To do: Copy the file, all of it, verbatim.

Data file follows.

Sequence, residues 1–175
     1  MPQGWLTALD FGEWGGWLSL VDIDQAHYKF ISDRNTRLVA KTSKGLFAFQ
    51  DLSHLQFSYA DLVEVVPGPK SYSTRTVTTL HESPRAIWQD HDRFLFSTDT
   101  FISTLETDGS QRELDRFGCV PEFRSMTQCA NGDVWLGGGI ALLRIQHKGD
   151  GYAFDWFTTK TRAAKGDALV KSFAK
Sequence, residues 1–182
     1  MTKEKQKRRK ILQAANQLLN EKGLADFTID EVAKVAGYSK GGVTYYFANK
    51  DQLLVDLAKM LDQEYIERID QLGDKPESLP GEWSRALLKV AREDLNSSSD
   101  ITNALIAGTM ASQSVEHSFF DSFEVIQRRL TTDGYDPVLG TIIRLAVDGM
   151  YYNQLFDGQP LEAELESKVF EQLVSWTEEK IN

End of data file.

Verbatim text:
Sequence, residues 1–175
     1  MPQGWLTALD FGEWGGWLSL VDIDQAHYKF ISDRNTRLVA KTSKGLFAFQ
    51  DLSHLQFSYA DLVEVVPGPK SYSTRTVTTL HESPRAIWQD HDRFLFSTDT
   101  FISTLETDGS QRELDRFGCV PEFRSMTQCA NGDVWLGGGI ALLRIQHKGD
   151  GYAFDWFTTK TRAAKGDALV KSFAK
Sequence, residues 1–182
     1  MTKEKQKRRK ILQAANQLLN EKGLADFTID EVAKVAGYSK GGVTYYFANK
    51  DQLLVDLAKM LDQEYIERID QLGDKPESLP GEWSRALLKV AREDLNSSSD
   101  ITNALIAGTM ASQSVEHSFF DSFEVIQRRL TTDGYDPVLG TIIRLAVDGM
   151  YYNQLFDGQP LEAELESKVF EQLVSWTEEK IN